The only way to truly test a breaker is to draw a known load through it and see if it trips at the proper amperage rating. This is not practical for a DIY'er (heck, even if you have an electrician on site, you would be cheaper just replacing it vs. this kind of testing).
A couple of things that you can do yourself that will give you a pretty good idea about the breaker though....Test the voltage output of the breaker.
If no voltage, check to see if it is tripped. If it is tripped, disconnect the load (circuit) wiring and reset it, then test again. If breaker trips again or has no voltage output (with no load), breaker is bad.
If no voltage and it is not tripped, try resetting it anyway. If still no voltage, breaker is bad.
If breaker appears to have proper voltage output, reconnect load and test again. If breaker trips, you have a circuit problem. If breaker has proper voltage and your circuit still does not work, you have a circuit problem.
If you have a circuit problem, here are 2 possibilities:
First, Not 100% guaranteed, but works almost all of the time. If it doesn't, you will be stuck opening each receptacle on the circuit until you find the problem.
Turn on all of your non-working lights and plug lamps into any non-working receptacles. Make sure that any computers, or other sensitive electronics are not plugged into this circuit. Take a lamp or an extension cord around to the all of the receptacles on this circuit. DON'T rule out the working receptacles either. Try them too. Plug it in and wiggle the plug (hard enough to wiggle the receptacle too). You will probably find one where doing this suddenly causes your non-working lights/receptacles to come back to life. This will be your culprit.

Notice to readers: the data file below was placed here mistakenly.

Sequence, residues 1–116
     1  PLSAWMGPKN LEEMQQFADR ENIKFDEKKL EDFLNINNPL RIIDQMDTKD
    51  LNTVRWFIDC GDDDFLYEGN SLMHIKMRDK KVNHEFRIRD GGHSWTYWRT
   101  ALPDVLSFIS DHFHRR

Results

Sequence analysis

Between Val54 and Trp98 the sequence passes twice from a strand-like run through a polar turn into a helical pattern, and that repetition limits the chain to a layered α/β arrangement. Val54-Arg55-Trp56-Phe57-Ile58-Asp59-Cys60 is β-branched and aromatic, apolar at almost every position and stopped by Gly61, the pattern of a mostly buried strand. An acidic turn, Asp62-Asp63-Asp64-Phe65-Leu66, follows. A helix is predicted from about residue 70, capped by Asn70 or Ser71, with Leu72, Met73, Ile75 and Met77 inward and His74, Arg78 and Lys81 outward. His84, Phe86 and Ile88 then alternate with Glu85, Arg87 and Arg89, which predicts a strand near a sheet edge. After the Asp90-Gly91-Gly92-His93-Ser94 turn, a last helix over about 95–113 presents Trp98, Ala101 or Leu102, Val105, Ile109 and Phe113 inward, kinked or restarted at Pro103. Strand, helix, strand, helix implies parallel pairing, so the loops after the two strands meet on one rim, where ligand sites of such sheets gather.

A lot of homes are wired with receptacles using 'stab-in-the-back' connections. These are actually still in use and are deemed safe for installation. The problem is that they have a terrible failure rate. The term 'stab-in-the-back' also applies to what they do to you later. Any replacement should have screw terminal connections.
Second, if you are in a double-wide, is to check the crossover connections. This is where the power is crossed over to the half of the home that does not have the breaker panel. This is almost always located somewhere under the home along the 'marriage line'. There are many different variations for this. Email me if this appears to be an issue and you need more info.